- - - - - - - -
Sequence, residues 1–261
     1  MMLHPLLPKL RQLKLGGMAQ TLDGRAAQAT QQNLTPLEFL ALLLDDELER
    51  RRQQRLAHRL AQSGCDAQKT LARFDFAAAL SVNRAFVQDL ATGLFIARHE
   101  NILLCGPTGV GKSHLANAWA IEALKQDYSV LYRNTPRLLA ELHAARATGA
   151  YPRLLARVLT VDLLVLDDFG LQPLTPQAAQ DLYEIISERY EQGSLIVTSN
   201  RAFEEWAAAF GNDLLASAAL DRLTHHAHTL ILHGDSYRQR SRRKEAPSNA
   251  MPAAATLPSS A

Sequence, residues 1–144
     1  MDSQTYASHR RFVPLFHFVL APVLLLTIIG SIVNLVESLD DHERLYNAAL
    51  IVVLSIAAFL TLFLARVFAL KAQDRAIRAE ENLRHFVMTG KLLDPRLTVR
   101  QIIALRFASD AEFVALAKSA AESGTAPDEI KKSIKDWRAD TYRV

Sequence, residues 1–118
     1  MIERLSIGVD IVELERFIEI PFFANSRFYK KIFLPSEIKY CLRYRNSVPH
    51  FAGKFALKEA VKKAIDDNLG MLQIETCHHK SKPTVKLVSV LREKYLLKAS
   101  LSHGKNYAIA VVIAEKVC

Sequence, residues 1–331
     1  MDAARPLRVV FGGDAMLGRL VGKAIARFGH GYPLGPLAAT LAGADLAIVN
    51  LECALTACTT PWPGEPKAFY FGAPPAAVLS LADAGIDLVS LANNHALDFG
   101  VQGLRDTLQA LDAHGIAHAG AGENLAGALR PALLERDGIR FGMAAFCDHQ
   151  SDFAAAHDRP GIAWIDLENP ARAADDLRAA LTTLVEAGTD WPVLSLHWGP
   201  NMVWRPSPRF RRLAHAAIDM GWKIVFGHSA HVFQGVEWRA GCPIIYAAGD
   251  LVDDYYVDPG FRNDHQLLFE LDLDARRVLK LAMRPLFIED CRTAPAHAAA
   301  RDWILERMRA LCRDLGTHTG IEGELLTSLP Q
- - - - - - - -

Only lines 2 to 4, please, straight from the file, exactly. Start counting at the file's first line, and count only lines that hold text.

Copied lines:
     1  MMLHPLLPKL RQLKLGGMAQ TLDGRAAQAT QQNLTPLEFL ALLLDDELER
    51  RRQQRLAHRL AQSGCDAQKT LARFDFAAAL SVNRAFVQDL ATGLFIARHE
   101  NILLCGPTGV GKSHLANAWA IEALKQDYSV LYRNTPRLLA ELHAARATGA